New York City’s Mayor Bloomberg has proposed a ban on the selling of sugar-containing drinks in containers larger than 16 ounces in all types of eating establishments including street vendors, movie theaters, delicatessens and even stadiums. The purpose is to limit sugar intake and theoretically help people lose weight by saving them from themselves.
The plan has received mixed reviews with some calling it a “nanny state” action. Also since a consumer can buy more than one 16 ounce bottle at a time, detractors point out that the truly motivated sugar addict will not be deterred. Supporters say that anything that limits sugar consumption is good. A recent poll shows that slightly more than half of New Yorkers think the idea is bad.
I don’t think it will have any impact on the general public at all. There is no proof that obesity is related to the size of a drink container. One wonders if the mayor is simply grandstanding.
But more importantly, the mayor could have far more influence if he addressed something he can control. That is the selling of sweetened sodas and junk food at the 11 acute care hospitals owned and run by the city serving mostly indigent New Yorkers.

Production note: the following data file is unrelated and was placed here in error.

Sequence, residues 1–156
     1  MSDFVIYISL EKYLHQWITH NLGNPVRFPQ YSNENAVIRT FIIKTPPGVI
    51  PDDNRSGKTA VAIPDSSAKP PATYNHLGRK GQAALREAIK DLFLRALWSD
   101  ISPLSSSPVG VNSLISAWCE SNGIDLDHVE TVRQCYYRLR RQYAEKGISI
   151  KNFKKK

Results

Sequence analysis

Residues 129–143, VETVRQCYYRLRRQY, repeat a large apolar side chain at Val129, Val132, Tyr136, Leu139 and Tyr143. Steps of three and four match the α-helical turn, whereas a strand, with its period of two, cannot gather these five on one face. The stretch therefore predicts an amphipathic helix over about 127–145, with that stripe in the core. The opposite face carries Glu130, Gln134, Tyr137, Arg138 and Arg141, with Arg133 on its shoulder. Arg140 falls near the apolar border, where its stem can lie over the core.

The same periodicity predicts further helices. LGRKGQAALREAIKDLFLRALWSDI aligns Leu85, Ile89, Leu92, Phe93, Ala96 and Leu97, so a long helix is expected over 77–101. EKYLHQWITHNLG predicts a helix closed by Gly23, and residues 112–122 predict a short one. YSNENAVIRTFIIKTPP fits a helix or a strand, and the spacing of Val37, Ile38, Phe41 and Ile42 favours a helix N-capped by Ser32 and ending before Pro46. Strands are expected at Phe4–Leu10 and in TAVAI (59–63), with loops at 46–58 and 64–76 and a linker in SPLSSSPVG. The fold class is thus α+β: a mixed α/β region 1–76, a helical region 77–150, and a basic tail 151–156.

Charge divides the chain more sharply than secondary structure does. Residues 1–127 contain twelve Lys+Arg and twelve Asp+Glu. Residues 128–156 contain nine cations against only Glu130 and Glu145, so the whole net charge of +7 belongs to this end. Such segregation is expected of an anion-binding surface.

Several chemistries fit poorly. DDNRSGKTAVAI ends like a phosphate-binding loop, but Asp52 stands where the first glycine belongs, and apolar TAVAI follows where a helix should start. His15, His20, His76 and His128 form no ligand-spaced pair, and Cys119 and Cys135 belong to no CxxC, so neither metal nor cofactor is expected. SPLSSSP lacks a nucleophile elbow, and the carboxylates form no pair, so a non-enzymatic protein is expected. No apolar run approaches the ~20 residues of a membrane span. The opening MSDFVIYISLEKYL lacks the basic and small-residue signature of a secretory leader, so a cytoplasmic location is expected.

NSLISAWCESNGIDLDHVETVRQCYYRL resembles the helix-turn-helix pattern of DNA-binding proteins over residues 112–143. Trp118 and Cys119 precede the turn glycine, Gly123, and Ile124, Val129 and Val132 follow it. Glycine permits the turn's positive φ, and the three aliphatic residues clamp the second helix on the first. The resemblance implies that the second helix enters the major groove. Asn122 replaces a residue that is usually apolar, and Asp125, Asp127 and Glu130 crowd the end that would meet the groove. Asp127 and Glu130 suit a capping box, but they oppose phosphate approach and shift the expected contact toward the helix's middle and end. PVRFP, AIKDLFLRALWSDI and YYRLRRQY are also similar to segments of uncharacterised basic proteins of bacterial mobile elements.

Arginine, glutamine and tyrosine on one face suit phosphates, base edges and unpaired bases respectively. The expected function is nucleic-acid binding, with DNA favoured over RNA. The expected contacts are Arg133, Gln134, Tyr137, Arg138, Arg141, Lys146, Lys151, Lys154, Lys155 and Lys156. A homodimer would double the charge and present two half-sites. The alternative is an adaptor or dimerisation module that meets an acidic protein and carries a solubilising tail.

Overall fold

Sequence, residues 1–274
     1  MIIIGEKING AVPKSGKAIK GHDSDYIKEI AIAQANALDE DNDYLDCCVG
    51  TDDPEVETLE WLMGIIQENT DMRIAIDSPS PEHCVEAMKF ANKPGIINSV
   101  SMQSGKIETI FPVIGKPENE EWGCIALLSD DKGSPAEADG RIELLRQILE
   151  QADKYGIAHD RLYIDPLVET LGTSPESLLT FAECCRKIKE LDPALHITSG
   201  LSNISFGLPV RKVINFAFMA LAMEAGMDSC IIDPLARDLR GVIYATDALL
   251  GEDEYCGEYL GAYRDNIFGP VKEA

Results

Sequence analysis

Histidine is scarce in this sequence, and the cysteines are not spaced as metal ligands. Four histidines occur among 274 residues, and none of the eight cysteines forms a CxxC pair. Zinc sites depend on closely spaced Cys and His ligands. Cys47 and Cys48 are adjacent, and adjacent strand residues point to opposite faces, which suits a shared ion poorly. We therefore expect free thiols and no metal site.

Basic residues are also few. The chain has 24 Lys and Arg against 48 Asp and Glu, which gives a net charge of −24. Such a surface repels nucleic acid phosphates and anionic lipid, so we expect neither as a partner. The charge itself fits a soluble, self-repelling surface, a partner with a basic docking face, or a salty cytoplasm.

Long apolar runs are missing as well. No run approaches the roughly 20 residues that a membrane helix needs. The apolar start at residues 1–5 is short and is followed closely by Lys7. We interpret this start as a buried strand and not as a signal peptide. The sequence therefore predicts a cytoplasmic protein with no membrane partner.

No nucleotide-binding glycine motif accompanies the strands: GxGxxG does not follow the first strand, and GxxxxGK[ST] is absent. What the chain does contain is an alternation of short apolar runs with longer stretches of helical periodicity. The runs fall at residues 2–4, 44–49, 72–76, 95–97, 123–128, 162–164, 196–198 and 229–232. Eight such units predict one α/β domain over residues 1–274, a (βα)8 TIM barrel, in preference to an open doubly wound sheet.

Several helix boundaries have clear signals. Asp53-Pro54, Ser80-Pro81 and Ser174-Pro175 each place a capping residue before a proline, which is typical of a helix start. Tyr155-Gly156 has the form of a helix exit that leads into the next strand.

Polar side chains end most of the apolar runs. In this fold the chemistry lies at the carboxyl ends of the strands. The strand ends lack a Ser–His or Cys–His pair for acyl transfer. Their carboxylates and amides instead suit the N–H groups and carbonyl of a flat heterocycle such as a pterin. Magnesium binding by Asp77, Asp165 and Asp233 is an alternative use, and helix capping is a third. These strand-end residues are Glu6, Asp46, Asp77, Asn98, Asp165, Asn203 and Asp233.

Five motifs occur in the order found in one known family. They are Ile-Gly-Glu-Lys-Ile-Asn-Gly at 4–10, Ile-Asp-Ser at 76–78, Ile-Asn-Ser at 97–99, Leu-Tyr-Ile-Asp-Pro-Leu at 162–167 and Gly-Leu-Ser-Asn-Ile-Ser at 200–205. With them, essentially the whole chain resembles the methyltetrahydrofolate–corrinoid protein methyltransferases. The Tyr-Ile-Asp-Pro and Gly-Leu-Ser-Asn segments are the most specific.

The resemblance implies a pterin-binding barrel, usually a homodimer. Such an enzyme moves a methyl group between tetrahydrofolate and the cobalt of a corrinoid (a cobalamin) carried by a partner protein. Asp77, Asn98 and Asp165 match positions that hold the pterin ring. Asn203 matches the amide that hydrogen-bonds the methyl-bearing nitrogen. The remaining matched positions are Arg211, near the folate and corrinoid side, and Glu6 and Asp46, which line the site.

On nearly every floor of the city owned hospitals, vending machines are stocked with mostly non-nutritious snacks and sodas containing sugar. Cafeterias and coffee shops feature similar fare.
If the mayor wants to do something constructive about obesity, he should mandate that his hospitals lead the way and stop giving obese patients and those with diabetes access to products that are not good for them. It makes no sense to counsel a hospital patient about a diabetic or weight-loss diet and then provide that same patient a vending machine full of junk 100 feet from his hospital room.
While he’s at it, the mayor should ban the sale of junk food and sodas in the more than 40 other private and not-for-profit hospitals in the city’s five boroughs.
That would be a real obesity prevention program, not a publicity stunt.